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DeKalb firefighters face issues with lifesaving backpacks | Business

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DeKalb firefighters face issues with lifesaving backpacks
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TUCKER, Ga. -- For a firefighter, a 30-pound backpack with a 45-minute supply of oxygen can be the difference between life and death in a raging fire.

DeKalb firefighter Captain Kevin Cavanaugh went into a house fire on April 19 wearing the unit made by Draeger Safety of Pittsburgh.

"I put on my face piece, clicked in to breathe air and everything was fine. As soon as I entered the structure I got a couple of feet in, first breath I took was nothing but smoke." Cavanaugh said. "I immediately put my hands on my face piece to make sure I had a seal. I took a couple more breaths and every time I took a breath all I was breaking was smoke."

Cavanaugh says there have been more than two dozen incidents like this since the units and oxygen bottles first arrived in 2009.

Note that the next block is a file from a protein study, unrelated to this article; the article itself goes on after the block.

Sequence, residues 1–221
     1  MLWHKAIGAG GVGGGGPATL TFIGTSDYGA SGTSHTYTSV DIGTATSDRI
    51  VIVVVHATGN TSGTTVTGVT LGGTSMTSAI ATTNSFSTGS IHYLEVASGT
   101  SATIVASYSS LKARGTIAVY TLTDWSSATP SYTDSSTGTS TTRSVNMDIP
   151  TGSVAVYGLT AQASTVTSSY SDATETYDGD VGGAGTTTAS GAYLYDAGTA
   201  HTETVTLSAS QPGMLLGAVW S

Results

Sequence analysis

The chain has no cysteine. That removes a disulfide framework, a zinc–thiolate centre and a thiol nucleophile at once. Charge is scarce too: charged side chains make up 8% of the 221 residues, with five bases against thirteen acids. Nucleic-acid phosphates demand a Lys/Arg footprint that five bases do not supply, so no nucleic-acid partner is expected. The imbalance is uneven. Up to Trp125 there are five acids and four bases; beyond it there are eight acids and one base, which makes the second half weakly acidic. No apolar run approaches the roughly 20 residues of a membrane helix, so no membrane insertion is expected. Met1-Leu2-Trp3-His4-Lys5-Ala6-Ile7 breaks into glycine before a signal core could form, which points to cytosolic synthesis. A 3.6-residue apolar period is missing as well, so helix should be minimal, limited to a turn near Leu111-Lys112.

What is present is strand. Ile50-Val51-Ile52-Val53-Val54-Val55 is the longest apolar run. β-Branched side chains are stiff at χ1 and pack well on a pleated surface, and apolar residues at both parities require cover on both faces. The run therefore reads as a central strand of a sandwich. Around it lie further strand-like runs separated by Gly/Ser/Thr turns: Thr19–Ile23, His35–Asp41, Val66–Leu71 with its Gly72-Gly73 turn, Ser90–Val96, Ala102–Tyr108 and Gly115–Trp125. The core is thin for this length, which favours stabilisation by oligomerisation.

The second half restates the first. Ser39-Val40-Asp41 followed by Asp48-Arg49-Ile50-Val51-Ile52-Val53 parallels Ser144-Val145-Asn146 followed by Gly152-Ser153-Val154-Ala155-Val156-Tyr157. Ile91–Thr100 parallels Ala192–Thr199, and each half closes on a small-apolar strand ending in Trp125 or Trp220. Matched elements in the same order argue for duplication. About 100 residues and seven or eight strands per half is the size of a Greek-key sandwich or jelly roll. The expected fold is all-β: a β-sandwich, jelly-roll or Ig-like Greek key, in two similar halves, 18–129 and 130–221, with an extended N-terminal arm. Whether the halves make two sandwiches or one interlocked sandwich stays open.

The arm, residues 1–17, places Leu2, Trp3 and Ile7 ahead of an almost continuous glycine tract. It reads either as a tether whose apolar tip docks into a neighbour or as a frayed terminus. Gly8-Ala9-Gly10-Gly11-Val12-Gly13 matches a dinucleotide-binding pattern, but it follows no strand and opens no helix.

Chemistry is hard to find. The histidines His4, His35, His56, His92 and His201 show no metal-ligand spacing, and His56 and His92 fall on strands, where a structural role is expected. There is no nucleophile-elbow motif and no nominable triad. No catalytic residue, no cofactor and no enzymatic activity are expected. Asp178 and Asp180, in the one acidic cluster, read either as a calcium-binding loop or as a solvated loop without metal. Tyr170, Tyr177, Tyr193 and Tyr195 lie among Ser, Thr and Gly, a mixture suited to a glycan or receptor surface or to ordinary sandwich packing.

But despite the possible risk of wearing this pack, for DeKalb firefighters there is no choice.

"It is definitely uncomfortable to not have complete trust in your equipment but we still have the citizens to protect and to serve and the County, so we will make due the best that we have<" Cavanaugh said.

"It is sad but they know that the piece of equipment on their back has the potential to fail on them," said Chief Edward O'Brien of DeKalb Fire Rescue.

Chief O'Brien says he's worked with Draeger for three years to get the issues resolved but finally gave up and is now getting new equipment from a different company.

He says issues include a link from the oxygen tank to the face mask that he says can separate; a device that clicks into place to lock the unit that sometimes can pop out; and a failure of a connection on the oxygen tank.

Draeger insists they are not responsible for the failures and they plans to come to Atlanta by the end of the week to prove it.

Ralf Drew, Draeger Safety Chief Executive said in a prepared statement:

"The only conclusion we can draw is that the reports of product malfunction in DeKalb County stem from improper product maintenance and care."

Chief O'Brien says it will be fall before the new equipment arrives.

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